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Overlooking the Obvious "Extra Element" of Secrecy in Avoiding Copyright Preemption of Trade Secret Misappropriation Claims

IP Litigator
February 2003

Faulkner, York M.


Authored by York M. Faulkner

Reprinted with permission from the IP Litigator, Published by Aspen Law & Business

In Dun & Bradstreet Software Services, Inc. v. Grace Consulting, Inc. [307 F.3d 197 (3rd Cir. 2002).], the U.S. Court of Appeals for the Third Circuit recently reaffirmed the long-standing "extra element" test by holding that the federal Copyright Act did not preempt state-law claims for misappropriation of software trade secrets. Consistent with case law from other jurisdictions, the Court reasoned that, unlike the asserted copyright claims, the state-law trade secret claims required proof of such extra elements as a breached duty or improper means in acquiring the trade secret. [Id. at 216-19.] Because the preemption clause of the Copyright Act [17 U.S.C. § 301] contemplates the coexistence of copyright claims with qualitatively different state-law claims, the extra elements saved the trade secret allegations from preemption. [Id. at 216-17.]

The Third Circuit relied upon the oft-cited decision in Computer Associates Int'l, Inc. v. Altai, Inc. [982 F.2d 693, 717 (2d Cir. 1992)] for support that the "breach of duty is the gravaman of such trade secret claims, and supplies the 'extra element'" distinguishing trade secrets from copyrights. [Dun & Bradstreet, 982 F.2d at 218.] Without proof of a breached duty, the court reasoned that merely copying or displaying the trade secret information is nothing more than copyright infringement. [Id. at 217.] Preemption, therefore, extinguishes the state-law trade secret claim and the trade secret owner is reduced to prosecuting only its copyright infringement claims. [Id. at 217-18.]

Overlooked in Dun & Bradstreet, Computer Associates, and most other published decisions, however, is the obvious extra element of secrecy, proof of which is required for trade secret claims but not for copyright claims. In other words, the trade secret proponent must demonstrate that the economic value of its asserted trade secret depends on guarding the information from disclosure. There is no similar requirement for proving a claim of copyright infringement. The qualitative difference resulting from the extra element of secrecy in trade secret claims has long been suggested [Melville B. Nimmer & David Nimmer, Nimmer on Copyright § 1.01 [B][ 1][h] (2002)] as the principal factor distinguishing trade secrets from copyrights. Nevertheless, only a few Courts have relied on the secrecy element when applying the extra elements test. [See, e.g., Firoozye v. Earthlink Network, 153 F. Supp.2d 1115, 1130-31 (N.D. Calif 2001); Idema v. Dreamworks, Inc., 162 F. Supp.2d 1129, 1194-95 (C.D. Calif. 2001); Unix Sys. Lab., Inc. v. Berkeley Software Design, Inc., No. 92-1667, 1993 WL 414724 at *16 (D.N.J. March 3, 1993).]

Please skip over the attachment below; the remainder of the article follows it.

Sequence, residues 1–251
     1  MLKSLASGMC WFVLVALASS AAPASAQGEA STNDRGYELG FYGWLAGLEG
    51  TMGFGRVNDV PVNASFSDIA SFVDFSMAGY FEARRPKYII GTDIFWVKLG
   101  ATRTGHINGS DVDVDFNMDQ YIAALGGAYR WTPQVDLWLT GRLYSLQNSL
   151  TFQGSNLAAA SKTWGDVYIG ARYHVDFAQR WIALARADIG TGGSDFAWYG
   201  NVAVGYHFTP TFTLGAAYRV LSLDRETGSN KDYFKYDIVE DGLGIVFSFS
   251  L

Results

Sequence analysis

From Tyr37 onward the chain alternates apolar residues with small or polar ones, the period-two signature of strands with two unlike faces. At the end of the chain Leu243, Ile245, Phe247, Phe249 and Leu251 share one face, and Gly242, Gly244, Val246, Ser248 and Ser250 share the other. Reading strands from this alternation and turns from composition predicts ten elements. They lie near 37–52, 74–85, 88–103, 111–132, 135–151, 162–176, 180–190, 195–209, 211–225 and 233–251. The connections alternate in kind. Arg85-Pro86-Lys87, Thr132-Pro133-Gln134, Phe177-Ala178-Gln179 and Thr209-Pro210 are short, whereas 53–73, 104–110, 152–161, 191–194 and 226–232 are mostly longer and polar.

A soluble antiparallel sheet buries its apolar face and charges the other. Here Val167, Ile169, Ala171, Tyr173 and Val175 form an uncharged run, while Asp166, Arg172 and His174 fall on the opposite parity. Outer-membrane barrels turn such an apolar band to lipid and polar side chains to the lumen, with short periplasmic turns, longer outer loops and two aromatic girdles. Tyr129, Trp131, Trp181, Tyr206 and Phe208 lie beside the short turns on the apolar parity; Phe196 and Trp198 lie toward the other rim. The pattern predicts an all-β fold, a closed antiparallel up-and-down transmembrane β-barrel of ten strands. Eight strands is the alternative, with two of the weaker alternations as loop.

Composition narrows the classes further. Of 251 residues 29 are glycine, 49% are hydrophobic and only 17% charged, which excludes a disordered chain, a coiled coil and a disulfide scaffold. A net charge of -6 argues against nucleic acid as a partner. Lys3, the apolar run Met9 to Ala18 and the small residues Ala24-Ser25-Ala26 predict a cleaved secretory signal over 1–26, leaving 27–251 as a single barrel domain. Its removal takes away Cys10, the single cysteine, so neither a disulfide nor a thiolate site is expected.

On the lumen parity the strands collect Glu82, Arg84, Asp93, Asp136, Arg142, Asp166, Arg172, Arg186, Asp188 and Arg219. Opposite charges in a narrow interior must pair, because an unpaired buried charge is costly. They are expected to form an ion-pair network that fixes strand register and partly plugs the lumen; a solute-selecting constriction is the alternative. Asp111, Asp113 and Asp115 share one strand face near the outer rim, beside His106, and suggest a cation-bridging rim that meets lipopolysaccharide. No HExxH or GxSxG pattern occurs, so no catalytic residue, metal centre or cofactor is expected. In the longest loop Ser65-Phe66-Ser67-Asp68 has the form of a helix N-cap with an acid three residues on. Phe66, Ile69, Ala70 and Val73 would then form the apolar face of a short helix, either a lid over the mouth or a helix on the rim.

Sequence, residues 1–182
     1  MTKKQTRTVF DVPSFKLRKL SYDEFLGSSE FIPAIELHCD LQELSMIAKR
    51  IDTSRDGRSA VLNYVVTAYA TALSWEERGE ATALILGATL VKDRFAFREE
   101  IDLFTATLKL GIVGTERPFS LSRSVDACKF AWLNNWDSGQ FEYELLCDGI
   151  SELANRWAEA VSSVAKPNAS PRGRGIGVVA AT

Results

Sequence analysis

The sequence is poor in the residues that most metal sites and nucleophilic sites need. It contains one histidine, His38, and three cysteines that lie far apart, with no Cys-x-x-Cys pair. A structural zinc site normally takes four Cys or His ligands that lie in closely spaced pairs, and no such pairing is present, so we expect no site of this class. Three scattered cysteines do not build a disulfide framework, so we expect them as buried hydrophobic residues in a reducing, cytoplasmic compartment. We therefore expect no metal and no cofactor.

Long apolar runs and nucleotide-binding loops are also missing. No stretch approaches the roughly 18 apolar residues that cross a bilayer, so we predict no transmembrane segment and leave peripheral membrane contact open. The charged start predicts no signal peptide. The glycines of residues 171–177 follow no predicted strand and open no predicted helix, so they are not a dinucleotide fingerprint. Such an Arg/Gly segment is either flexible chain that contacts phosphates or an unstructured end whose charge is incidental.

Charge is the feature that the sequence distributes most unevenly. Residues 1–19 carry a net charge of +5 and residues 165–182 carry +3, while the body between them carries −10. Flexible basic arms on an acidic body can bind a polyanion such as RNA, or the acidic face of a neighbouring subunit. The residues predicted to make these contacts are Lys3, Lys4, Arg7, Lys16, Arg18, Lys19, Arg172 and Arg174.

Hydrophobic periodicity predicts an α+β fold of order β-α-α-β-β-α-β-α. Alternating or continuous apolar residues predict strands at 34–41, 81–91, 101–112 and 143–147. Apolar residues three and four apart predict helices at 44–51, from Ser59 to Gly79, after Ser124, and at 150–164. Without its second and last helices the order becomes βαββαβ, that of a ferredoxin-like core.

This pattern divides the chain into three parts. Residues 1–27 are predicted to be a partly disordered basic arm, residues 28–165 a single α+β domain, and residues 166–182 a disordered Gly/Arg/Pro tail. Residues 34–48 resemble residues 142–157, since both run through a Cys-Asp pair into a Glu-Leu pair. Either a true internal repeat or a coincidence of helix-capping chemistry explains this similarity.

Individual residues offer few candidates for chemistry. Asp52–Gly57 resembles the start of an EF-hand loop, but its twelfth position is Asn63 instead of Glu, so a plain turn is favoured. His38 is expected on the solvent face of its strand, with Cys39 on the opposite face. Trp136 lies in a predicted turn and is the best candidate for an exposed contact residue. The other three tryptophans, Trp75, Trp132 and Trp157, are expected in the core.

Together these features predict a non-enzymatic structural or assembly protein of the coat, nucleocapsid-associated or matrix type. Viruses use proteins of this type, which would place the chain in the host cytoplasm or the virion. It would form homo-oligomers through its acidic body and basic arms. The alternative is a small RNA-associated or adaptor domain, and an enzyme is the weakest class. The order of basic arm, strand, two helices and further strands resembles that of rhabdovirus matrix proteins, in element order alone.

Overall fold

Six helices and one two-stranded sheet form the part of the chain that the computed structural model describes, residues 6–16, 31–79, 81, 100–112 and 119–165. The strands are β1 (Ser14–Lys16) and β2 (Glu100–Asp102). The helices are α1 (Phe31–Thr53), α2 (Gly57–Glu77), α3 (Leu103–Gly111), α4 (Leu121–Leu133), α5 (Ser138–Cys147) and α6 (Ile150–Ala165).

Focusing on the secrecy element instead of breached duties, in many cases, would have resulted in a sounder basis for preemption, because the secrecy, and therefore validity, of the alleged trade secrets were in doubt. For example, in the recent decision in Stromback v. New Line Cinema [No. 01-73898, 2002 WL 31548620 (E.D. Mich. Oct. 23, 2002)], the plaintiff's copyright and trade secret claims were based upon a poem and screenplay that the defendant allegedly used for one of its movies. The poem and screenplay could not have been trade secrets because the plaintiff had disclosed and registered them with the Writers Guild of America and the U.S. Copyright Office. [Id. at *1.] Instead of focusing on the obvious, the complete absence of secrecy, the court reasoned that a breached duty had not been shown and preemption was warranted. [Id at *8 n.13.] By comparison, the court in Idema, readily dismissed trade secret claims on similar facts because there was "no allegation that the information in the [screenplay] was a 'trade secret' in the sense that its mere disclosure would undermine its value." [Idema, 162 F. Supp.2d at 1194-95 (emphasis in original).]